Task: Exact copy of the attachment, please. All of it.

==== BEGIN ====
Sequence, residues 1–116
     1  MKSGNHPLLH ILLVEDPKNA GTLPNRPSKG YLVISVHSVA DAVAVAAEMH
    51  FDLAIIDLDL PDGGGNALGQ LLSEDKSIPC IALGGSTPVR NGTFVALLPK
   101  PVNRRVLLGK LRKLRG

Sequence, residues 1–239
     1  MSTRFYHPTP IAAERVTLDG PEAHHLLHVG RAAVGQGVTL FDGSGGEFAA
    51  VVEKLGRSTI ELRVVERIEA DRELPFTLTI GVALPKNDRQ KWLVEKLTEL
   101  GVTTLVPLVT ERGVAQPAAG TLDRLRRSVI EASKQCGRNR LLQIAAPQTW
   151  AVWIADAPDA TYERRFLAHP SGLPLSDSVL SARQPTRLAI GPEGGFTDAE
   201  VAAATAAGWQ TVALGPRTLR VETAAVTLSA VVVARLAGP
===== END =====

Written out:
Sequence, residues 1–116
     1  MKSGNHPLLH ILLVEDPKNA GTLPNRPSKG YLVISVHSVA DAVAVAAEMH
    51  FDLAIIDLDL PDGGGNALGQ LLSEDKSIPC IALGGSTPVR NGTFVALLPK
   101  PVNRRVLLGK LRKLRG

Sequence, residues 1–239
     1  MSTRFYHPTP IAAERVTLDG PEAHHLLHVG RAAVGQGVTL FDGSGGEFAA
    51  VVEKLGRSTI ELRVVERIEA DRELPFTLTI GVALPKNDRQ KWLVEKLTEL
   101  GVTTLVPLVT ERGVAQPAAG TLDRLRRSVI EASKQCGRNR LLQIAAPQTW
   151  AVWIADAPDA TYERRFLAHP SGLPLSDSVL SARQPTRLAI GPEGGFTDAE
   201  VAAATAAGWQ TVALGPRTLR VETAAVTLSA VVVARLAGP